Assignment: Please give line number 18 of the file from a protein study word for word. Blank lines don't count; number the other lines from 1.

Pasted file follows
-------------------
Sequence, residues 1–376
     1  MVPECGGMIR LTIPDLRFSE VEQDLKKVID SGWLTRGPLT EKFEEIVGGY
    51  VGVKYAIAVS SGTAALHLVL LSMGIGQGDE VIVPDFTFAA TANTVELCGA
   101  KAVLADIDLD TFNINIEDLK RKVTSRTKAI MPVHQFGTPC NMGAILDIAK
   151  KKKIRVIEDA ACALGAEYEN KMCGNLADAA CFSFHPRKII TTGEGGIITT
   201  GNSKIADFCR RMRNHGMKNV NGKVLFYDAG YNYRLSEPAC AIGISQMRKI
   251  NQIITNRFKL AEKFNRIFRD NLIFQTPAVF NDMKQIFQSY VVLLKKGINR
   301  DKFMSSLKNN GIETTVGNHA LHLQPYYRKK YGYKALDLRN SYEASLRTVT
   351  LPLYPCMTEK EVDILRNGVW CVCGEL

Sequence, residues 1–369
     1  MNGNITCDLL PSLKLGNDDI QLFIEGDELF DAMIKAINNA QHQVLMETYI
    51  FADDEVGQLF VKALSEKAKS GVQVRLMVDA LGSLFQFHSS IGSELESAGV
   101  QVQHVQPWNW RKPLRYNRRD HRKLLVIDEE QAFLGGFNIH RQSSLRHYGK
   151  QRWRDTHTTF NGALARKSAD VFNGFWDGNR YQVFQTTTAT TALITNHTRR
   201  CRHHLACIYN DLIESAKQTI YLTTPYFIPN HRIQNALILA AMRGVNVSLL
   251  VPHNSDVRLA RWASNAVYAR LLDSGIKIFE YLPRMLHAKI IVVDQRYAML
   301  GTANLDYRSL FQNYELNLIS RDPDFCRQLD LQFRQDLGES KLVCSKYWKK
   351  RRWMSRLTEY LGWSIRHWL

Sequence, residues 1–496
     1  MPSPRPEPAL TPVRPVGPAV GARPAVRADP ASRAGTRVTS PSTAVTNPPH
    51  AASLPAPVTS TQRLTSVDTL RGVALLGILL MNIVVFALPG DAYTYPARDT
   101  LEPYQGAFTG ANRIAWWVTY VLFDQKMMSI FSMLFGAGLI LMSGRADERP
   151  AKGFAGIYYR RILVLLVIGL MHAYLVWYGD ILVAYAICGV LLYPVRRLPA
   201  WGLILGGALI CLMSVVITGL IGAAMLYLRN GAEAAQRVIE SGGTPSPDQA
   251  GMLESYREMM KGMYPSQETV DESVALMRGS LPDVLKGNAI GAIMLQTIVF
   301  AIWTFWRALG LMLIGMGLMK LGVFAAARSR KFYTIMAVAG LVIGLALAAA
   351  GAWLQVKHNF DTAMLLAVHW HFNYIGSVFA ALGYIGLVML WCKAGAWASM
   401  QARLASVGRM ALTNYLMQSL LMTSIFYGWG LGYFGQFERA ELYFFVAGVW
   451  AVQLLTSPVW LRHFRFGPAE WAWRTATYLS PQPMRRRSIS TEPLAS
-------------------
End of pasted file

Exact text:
   351  RRWMSRLTEY LGWSIRHWL